EMAP Physics
P. LeClair
UA Department of Physics & Astronomy
The plan
What do you need to survive physics? Thrive?
critical thinking / problem solving
experiments ...
What are we going to do?
not PH105/106 ...
the ‘flavor’ of physics
some tools you will need
some background as to how we think
• We’ll mostly do experiments.
• Experiments similar to PH105/106
• Hypothesis + reality check ...
• have an idea, then test it
• how good was the test?
• math is the language we use for this
Each session has one key idea
This idea is testable ... or it is not science
So we test it.
How good is our test? How well did it work?
a measure of the result & accuracy
does it make any sense? predict something else ...
• Your reaction time is better than mine ...
• Every time? By how much?
• What is the variability?
• How good is the measurement
Math-related things
Tues 7 July 3:45-5:45
intro / Error analysis
uncertainty, basic
statistics (mean, std. dev)
Fri 10 July 3:45-5:45
Coefficient of restitution
sequence & series,
logarithms, power laws
Tues 14 July 4-6
Atomic spectroscopy
Thu 16 July 1:30-3:30
dc circuits
linear relationships
Tue 21 July 3:45-5:45
resistive circuits (resistor
systems of linear
Wed 22 July 1:30-3:30
Planck’s constant
trigonometry, exponential
behavior, linear
Tue 28 July 1:30-3:30
RC circuits
exponential behavior,
non-linear regression,
Fri 31 July 1:30-3:30
mutual inductance /
wireless power
linearization, rate of
change, trig functions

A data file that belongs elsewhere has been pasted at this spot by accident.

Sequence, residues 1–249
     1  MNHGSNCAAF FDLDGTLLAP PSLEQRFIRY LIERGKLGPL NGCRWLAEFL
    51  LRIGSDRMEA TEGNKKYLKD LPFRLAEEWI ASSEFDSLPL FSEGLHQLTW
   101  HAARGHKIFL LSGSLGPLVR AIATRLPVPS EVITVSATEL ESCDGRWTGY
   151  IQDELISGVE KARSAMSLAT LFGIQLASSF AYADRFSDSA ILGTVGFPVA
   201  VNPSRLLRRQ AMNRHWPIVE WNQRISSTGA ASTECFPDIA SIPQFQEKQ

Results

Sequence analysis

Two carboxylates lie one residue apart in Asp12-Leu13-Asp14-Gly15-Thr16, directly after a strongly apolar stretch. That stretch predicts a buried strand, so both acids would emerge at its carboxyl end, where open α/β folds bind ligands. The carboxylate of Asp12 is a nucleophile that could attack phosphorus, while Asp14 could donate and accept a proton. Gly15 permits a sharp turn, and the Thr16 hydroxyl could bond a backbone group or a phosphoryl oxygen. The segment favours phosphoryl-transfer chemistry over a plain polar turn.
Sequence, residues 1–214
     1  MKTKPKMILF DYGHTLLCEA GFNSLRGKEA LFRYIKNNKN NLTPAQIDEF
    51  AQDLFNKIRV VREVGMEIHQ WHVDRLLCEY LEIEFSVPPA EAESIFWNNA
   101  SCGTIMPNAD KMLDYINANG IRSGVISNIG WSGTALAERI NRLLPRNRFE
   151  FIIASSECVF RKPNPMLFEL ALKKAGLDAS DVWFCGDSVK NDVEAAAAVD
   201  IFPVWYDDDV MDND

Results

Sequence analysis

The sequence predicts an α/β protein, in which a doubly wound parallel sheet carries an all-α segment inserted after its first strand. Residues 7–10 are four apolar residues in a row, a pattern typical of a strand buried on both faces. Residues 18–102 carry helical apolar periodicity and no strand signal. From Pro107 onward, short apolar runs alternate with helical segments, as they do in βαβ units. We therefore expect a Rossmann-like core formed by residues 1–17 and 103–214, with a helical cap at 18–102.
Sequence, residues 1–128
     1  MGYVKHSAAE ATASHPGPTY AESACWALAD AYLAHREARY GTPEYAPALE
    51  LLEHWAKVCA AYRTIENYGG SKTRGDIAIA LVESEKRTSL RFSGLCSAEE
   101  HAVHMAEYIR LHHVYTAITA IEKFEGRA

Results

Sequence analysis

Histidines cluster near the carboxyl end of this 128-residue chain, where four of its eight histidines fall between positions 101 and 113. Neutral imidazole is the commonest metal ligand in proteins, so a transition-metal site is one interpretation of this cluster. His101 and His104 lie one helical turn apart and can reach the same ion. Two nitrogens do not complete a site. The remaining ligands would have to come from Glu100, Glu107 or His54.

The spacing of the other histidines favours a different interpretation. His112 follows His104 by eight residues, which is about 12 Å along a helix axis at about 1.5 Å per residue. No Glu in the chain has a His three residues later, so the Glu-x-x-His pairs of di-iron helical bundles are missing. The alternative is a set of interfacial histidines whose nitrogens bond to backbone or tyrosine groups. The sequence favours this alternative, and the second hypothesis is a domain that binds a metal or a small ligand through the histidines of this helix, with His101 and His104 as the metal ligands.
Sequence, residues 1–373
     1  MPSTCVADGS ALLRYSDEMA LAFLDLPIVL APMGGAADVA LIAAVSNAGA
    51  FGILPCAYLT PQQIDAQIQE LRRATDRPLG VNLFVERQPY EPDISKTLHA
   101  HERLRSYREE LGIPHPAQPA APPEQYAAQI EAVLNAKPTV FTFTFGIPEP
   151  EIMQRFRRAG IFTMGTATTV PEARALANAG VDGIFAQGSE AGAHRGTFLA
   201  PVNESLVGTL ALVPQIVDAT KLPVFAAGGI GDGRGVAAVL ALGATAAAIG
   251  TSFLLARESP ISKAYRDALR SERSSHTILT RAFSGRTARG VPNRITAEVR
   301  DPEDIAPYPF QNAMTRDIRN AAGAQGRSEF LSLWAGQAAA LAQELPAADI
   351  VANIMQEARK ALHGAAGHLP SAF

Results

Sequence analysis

Mon 3 Aug 1:30-3:30
homopolar motors
vector relationships
(cross product)
Wed 5 Aug 1:30-3:30
remote controls
time-dependent behavior,
trig functions, 3D
geometry in spherical
Quick (10-20min) intro to the idea / experiment
Do the experiment!
groups of 5 or so
Analyze the data
was the idea right? put numbers on that ...
Repeat if necessary
What would you do next?
Follow-up ... homework!
So: let’s get at it!
• Today: gauging reaction time
• one measurement vs. many
• how does accuracy improve?
• how to measure accuracy?
• care & feeding of data ...
Homework for next time
• Bring in a small rubber ball of some
• Which sort bounces the ‘best’
• What do we mean by ‘best’
My experiment: picking
• give each one a number
• Ace = 1, 2 = 2 ... Jack = 11 ... King = 13
• what is the average card?
- we expect it must be 7 ...
• what is the spread? how to define this?
100 trials ...
equal number of each
average must be 7, if one chooses enough cards
takes ~50 before ‘luck’ is moot!
expected average: 7.0
initial run is low!
standard deviation is a measure of the variability dispersion in a population or data set
low standard deviation: data tends to lie close to the average (mean)
high standard deviation: data spread over a large range
many trials: follow a distribution
data set: data clustered about average
~68% within +/- 1 standard deviation
~95% within +/- 2 standard deviations
~99.7% within +/- 3 ...
so what?
• knowing the standard deviation tells you
- if subsequent measurements are
- what to expect next
- accuracy of a set of data
- variability in a large batch
• “six sigma” - quality control
- means one out of 500 million!
so what?
if the mean of the measurements is too far
away from the prediction, then the theory
being tested probably needs to be revised!
particle physics: 3-sigma standard typical
more than that ... probably a new effect!
expect 75% of cards within 2 standard deviations of average
or, 75% are within about 4 cards from the average after 100 trials
or, 75% of cards should be between 3 and Jack (inclusive)
It works!
flip side: we could estimate the distribution of cards without prior knowledge
(e.g., remove all 2’s and 3’s ... we could tell!)
now you try ...
say your data is 11.0, 11.5, 12.0